Construction is growing again for the first time since August as underlying activity in home building rebounds.
The monthly Ulster Bank Purchasing Managers' Index (PMI) finds that combined activity across three sectors - housing, commercial and civil engineering - rose in December to 52 from 48.2 previously.
The PMI registers growth above 50; the higher the number, the stronger the growth.
Today's headline figure includes a strong rebound in housing construction of 51.8 last month from 47.7 in November, when Brexit jitters spurred the first brief contraction in output since mid-2013.
Commercial construction, which dipped in the third quarter, accelerated to 53.6 last month, up from 51.2.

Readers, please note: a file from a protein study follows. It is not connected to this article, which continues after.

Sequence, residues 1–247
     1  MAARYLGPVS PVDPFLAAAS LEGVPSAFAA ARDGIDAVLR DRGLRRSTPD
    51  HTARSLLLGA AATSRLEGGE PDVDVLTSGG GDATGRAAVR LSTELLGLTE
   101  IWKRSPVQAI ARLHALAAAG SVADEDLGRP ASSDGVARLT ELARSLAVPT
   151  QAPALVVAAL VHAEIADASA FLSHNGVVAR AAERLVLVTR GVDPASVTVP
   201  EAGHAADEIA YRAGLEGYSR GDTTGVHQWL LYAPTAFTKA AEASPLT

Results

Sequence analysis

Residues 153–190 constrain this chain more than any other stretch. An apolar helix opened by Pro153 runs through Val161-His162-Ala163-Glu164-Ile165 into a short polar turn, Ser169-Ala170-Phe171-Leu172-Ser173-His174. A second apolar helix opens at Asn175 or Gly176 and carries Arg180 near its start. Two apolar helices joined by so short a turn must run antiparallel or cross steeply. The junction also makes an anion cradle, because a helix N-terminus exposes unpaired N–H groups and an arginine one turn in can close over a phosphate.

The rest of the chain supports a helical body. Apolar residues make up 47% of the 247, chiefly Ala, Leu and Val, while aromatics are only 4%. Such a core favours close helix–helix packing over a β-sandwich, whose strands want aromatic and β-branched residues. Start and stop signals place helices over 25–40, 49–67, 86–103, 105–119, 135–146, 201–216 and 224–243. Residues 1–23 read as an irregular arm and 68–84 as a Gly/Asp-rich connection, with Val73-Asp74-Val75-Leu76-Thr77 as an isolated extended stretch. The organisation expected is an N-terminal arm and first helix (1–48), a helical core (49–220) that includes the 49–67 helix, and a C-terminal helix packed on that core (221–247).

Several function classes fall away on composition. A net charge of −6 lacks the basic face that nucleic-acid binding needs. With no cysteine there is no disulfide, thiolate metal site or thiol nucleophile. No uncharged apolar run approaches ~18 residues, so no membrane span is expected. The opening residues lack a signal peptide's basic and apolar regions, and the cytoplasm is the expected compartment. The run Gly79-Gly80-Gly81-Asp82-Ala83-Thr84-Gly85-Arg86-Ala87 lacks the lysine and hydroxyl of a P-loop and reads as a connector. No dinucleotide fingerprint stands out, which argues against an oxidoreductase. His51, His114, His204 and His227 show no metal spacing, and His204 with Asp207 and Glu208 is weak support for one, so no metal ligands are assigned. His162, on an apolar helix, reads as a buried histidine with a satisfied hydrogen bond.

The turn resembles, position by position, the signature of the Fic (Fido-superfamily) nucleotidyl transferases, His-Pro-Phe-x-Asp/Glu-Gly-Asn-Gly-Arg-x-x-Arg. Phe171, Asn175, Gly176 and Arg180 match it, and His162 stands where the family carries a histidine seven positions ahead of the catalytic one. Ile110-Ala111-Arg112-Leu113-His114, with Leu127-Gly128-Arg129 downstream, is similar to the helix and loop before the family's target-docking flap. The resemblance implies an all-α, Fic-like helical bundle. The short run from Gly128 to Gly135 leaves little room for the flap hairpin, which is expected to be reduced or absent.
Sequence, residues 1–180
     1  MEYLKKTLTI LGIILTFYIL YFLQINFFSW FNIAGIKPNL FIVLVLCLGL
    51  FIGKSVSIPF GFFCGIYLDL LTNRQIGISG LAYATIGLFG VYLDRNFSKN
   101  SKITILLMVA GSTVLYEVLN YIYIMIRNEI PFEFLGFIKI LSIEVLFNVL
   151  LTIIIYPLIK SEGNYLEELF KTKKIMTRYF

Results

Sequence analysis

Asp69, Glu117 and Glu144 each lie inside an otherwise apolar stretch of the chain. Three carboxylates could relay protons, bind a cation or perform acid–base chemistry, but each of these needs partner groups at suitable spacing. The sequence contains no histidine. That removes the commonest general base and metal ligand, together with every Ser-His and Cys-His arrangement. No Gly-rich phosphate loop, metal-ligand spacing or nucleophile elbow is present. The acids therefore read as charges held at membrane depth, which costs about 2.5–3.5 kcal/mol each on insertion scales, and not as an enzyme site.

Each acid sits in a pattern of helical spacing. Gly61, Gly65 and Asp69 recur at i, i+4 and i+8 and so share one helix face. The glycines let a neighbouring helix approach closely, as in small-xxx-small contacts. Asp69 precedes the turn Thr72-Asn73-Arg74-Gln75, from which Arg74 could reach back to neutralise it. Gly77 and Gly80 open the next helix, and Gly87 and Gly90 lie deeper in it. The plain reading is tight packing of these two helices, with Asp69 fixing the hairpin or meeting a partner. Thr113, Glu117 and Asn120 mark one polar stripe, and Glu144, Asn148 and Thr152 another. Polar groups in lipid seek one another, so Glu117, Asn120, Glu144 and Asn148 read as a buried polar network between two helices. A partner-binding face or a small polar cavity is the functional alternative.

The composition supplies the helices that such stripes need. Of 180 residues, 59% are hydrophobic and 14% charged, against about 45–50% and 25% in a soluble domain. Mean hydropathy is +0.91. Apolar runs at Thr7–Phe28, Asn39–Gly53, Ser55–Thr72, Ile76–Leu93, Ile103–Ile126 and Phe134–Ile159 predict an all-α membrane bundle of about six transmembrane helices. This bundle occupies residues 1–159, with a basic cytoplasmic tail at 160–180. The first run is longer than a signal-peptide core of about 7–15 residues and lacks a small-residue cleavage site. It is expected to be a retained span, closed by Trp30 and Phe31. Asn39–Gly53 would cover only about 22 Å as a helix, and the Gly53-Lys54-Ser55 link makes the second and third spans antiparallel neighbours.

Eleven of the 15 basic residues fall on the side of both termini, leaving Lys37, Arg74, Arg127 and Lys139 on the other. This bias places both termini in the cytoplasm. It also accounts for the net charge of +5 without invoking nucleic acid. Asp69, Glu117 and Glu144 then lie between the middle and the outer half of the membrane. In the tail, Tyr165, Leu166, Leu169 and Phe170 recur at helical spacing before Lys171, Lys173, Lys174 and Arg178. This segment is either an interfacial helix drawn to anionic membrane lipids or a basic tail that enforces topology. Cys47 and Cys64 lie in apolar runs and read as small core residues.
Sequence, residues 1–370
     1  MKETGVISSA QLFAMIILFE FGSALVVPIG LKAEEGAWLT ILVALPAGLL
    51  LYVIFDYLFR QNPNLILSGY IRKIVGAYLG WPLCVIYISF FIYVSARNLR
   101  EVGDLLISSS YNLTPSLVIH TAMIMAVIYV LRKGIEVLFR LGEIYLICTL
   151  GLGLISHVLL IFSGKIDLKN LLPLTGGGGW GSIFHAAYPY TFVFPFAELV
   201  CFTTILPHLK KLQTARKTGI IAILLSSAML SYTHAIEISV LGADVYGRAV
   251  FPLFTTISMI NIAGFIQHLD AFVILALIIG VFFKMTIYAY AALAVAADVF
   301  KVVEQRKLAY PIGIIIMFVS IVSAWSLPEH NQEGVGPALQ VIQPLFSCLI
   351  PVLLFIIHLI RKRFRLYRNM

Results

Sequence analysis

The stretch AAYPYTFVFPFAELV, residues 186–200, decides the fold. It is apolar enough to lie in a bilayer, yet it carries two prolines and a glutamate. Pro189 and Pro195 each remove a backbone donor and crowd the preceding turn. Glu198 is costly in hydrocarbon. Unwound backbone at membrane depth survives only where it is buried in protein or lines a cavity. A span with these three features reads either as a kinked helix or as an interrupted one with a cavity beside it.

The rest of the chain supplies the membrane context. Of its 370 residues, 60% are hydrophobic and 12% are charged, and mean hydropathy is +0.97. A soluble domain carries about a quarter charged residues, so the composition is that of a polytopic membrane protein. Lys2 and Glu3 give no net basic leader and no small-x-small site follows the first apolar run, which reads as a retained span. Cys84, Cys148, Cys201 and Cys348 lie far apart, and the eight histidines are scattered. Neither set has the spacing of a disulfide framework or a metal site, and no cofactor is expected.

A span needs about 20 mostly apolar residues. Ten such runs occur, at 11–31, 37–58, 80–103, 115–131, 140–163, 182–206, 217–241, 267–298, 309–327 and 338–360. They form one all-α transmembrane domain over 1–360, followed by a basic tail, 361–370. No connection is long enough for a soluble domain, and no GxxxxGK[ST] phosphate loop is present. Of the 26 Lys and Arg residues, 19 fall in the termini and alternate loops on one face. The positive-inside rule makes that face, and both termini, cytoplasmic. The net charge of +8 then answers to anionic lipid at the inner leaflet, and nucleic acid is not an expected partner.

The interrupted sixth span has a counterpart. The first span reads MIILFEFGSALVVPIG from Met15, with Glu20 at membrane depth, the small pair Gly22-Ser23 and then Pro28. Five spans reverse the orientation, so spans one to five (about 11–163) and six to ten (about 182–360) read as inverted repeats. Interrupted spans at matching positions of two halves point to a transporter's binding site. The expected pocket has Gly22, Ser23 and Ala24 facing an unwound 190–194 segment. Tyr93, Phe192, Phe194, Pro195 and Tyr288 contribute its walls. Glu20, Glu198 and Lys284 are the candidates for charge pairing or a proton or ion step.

Long the laggard, civil engineering saw its decline moderate last month to 43.1 from 36.4 - nonetheless continuing a slump dating to mid-2018.
"Reduced Brexit uncertainty was cited as a source of support for the increase in overall activity at the end of 2019, while the improvement also reflected better performance across the three main sub-sectors," said Ulster Bank chief economist Simon Barry.
He said the rebound in housing construction supports "our view that the recent weakness in the housing PMI was perhaps more reflective of large, adverse, Brexit-related moves in business sentiment than of marked weakness in actual underlying housing activity".
The volume of new orders also returned to positive territory in December, while the pace of job creation and confidence in future activity both hit six-month highs.
Mr Barry said rising confidence was "underpinned by expectations of new projects in early 2020".
This article was first seen on https://www.independent.ie/business/commercial-property/building-grows-for-first-time-in-four-months-38855022.html